HIPAA White Paper
- Getting Started
- Administrator Tools & User Management
- Cases & Activities
- Contacts & Companies
- Events & Calendar
- Tasks & Workflows
- Messages & Email
- Documents, Templates & Uploads
- Invoices, Payments & Billable Time
- Personal Injury Features
- Workers' Compensation Features
- Immigration Features
- Frequently Asked Questions
THE HIPAA FINAL OMNIBUS RULE: NEW CHANGES IMPACTING BUSINESS ASSOCIATES
This paper briefly outlines some of the key changes to the Health Insurance Portability and Accountability Act of 1996 (HIPAA), and the Omnibus Final Rule. The Final Rule imposes new obligations and direct liability on business associates to comply with HIPAA’s Security and Privacy Rules. Covered entities and business associates have until September 23, 2013 to become fully compliant under the Final Rule.
It is the policy of MerusCase to be in strict compliance under HIPAA, the Final Rule, and other applicable state law. Because the MerusCase team works around the clock to ensure complete privacy of all client information, regardless of nature, you can rest assured that your data is safe, your clients are protected, and your firm maintains regulatory compliance.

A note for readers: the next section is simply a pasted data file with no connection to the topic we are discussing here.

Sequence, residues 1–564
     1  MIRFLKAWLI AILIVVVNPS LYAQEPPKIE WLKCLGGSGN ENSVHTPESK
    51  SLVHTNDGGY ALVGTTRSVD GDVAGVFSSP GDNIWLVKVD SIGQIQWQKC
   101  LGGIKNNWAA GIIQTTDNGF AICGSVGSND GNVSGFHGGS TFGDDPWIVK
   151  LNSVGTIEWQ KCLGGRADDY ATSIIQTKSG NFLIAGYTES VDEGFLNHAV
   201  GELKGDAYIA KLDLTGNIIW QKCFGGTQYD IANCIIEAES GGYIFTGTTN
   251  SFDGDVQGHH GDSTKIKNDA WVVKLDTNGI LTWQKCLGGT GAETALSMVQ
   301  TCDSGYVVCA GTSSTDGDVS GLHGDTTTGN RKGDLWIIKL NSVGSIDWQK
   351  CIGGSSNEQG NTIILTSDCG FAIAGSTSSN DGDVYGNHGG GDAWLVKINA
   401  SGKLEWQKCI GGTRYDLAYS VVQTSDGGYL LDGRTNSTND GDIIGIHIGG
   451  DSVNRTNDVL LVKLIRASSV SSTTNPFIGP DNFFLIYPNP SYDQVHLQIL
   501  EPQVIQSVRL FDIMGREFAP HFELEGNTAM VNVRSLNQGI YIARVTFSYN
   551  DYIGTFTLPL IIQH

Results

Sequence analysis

Brief Overview of HIPAA Final Omnibus Rule
The long-awaited HIPAA Final Omnibus Rule (Final Rule), which went into effect on January 25, 2013, by the U.S. Department of Health and Human Services (HHS) Office for Civil Rights (OCR), greatly enhances patients’ privacy protection, provides individuals new rights to their personal health information, redefines breach and strengthens the government’s ability to enforce the law. When the Final Rule was passed in January, HHS Secretary Kathleen Sebelius stated “Much has changed in health care since HIPAA was enacted over fifteen years ago.” The Secretary also stated that, “The new rule will help protect patient privacy and safeguard patients’ health information in an ever expanding digital stage.”